The calls are used to keep in contact,

The need to
communicate is felt throughout all organisms. Coffee shops, malls, restaurants,
and super markets are just some examples of conversation being present in day
to day life. Some people assume that conversations and communication stops with
people, which is incorrect. Conversation doesn’t stop at the shore either, it
can be heard by birds in the sky or whales in the ocean. In the ocean whales
use three types of sounds to communicate, clicks whistles and pulsed calls are
used to keep in contact, sense danger, find food and signal to other
whales. 

            Clicks
are used by every species of whale but each species has its own unique click.
Clicks are used by whales to navigate the waters through a process that
scientist named echolocation. “Whales are able to get their sounds to travel
for miles as the sound waves move along in the water and get more power from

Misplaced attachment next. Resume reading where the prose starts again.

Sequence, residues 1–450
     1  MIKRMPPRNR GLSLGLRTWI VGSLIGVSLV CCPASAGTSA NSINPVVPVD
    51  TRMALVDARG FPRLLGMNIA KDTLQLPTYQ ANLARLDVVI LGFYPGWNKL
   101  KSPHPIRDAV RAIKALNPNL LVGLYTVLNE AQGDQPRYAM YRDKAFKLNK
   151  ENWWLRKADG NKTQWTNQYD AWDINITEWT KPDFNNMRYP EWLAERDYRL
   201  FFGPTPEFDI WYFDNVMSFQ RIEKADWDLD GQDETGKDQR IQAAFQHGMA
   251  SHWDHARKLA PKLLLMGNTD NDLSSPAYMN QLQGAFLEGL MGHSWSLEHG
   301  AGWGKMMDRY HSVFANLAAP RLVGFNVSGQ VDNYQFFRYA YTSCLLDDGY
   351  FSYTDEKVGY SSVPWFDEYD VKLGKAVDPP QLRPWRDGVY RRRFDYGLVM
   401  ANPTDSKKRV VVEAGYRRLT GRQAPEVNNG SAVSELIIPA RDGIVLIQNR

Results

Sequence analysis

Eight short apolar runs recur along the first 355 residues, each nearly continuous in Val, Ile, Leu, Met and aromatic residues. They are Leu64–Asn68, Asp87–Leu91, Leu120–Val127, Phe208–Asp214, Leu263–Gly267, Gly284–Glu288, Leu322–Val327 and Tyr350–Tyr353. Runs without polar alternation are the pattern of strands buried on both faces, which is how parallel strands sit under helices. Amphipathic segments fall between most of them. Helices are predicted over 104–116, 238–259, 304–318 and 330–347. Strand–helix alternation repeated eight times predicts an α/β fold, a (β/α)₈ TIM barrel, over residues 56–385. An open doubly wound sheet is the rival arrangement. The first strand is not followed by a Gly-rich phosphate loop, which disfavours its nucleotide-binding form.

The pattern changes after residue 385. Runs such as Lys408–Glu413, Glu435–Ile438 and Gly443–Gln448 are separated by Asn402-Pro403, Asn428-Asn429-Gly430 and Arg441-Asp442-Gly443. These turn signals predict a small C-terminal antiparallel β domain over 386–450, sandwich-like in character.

bouncing off what is found in it. Then the sound will echo back to the whale
that sent it.” (www.whale-world.com/whale-communication/) Echolocation is estimated to move at a mile per second allowing the
whales to navigate the ocean with ease. In addition to navigation echolocation
through clicks is used by all species to find food.   

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Clicks not only vary
by species but in some cases even the individual whale has its own clicking
pattern and frequency “A functional bio sonar system requires clicks of high
source level to detect and classify prey at ranges that allow the animal to
find sufficient  (www.ncbi.nlm.nih.gov/pmc/articles/PMC3665716/ ) . The height and directionality of the whale’s frequency is
determined by the whale’s size. A smaller whale has to compensate for its size